For the 8th consecutive year, the Mead Witter School of Music will present its annual Schubertiade, a special concert celebrating the music of Franz Schubert. Traditionally these concerts have been held around the composer’s birthday. This year’s concert will in fact occur on his birthday: Sunday, January 31 at 3 pm at https://youtu.be/7sshhKiFPAg
As in past years, Martha Fischer, professor of piano and head of the collaborative piano program at UW-Madison, and her husband Bill Lutes, an independent piano teacher, and UW Emeritus Artist-in-Residence, will host the program.
These concerts have been presented in the sprit of the first Schubertiades that took place during the composer’s lifetime (1797-1828) in the homes of his friends and fellow artists, poets, and fans. These were social as well as musical occasions with Schubert himself presiding at the piano, giving his audience a chance to hear his latest songs, piano duets and chamber music, as well as pieces that had already become favorites.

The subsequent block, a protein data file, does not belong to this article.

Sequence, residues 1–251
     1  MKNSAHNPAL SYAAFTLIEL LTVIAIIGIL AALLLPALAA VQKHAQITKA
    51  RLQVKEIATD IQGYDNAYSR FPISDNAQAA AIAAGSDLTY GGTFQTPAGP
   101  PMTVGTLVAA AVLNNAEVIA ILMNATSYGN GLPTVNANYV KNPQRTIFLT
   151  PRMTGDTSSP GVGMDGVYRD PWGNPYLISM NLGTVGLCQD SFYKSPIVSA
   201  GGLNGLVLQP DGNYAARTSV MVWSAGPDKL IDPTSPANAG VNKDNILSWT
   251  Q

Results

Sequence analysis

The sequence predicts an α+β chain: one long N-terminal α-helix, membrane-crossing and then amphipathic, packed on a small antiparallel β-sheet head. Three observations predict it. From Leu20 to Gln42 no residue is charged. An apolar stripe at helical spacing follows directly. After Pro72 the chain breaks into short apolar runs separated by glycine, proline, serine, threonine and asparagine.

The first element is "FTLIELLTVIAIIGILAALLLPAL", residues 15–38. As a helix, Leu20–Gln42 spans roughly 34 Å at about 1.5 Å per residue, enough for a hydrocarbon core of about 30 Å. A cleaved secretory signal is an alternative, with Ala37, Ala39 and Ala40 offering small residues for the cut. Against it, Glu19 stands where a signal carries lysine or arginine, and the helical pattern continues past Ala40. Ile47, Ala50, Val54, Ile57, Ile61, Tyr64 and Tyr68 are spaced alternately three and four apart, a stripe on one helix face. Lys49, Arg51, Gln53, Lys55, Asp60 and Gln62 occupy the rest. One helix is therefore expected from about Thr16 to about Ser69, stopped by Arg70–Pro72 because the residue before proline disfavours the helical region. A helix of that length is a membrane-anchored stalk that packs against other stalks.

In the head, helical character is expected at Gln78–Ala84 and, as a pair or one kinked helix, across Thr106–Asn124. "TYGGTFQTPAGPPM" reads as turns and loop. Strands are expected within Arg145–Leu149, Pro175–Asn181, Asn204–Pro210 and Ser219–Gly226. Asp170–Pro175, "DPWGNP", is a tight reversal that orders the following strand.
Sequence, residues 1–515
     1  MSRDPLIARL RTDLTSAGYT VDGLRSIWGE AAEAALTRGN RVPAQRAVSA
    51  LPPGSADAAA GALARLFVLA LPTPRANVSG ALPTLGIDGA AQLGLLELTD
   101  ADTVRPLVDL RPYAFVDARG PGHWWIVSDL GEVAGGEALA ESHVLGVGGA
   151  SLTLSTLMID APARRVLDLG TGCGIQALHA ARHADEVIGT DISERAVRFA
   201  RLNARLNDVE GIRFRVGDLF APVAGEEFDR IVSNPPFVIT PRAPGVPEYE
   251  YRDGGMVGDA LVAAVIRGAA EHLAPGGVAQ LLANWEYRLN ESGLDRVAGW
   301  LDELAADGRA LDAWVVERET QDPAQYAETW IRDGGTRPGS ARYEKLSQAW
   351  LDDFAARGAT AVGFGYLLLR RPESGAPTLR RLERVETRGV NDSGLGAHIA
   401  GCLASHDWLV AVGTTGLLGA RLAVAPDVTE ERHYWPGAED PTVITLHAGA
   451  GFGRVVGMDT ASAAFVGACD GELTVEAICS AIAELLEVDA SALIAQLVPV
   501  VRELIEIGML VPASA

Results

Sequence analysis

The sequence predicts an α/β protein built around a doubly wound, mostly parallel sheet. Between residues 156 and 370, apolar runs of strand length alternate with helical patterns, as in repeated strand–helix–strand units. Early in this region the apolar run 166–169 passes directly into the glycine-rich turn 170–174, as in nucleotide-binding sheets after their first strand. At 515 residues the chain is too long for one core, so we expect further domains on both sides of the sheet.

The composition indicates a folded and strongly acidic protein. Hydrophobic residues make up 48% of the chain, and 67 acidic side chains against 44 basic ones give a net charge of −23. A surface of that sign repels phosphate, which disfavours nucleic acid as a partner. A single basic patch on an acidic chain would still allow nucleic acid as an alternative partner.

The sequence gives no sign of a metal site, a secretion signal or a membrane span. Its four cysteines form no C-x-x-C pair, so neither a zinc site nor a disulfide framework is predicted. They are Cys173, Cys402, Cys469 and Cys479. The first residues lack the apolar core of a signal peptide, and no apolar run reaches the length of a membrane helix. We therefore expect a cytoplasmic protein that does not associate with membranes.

This year’s Schubertiade will be rather different, in response to the restrictions imposed by the Covid-19 pandemic. It will be an online look back—or Rückblick—at past concerts, with songs chosen from performances that have been preserved in our audio and video archive. The featured performers will include faculty, students and alumni from the Mead Witter School of Music, along with special guests. In addition pianists Fischer and Lutes will give a “new” performance recorded for this occasion of the great Fantasie in F-minor for piano duet.
The songs have been chosen to reflect themes that were not only relevant to Schubert and his circle, but also to all of us in the midst of this challenging time: hope for a brighter future, the need for connection with others, remembrance of happier times, and the consolation to be found in nature.
Schubert left us a vast and precious legacy of beauty—an enormous output of music that he composed in his short lifetime. In a sense, each time his music is performed and heard, it is a journey from the past to our own time, the sounds speaking to us today as vividly and consolingly as they did when they were created 200 years ago.
Martha Fischer and Bill Lutes, pianists
Jamie-Rose Guarrine, soprano
Emily Birsan, soprano
Michael Roemer, baritone
Jennifer D’Agostino, soprano
Daniel O’Dea, tenor
Wesley Dunnagan, tenor
Sarah Brailey (alumna and current DMA student)
Marie McManama, soprano
Cheryl Bensman-Rowe, mezzo soprano
Mimmi Fulmer, soprano
Paul Rowe, baritone
Julia Rottmayer, soprano
David Alcorn, Videographer, editor, etc.
Katrin Talbot, Images for audio only tracks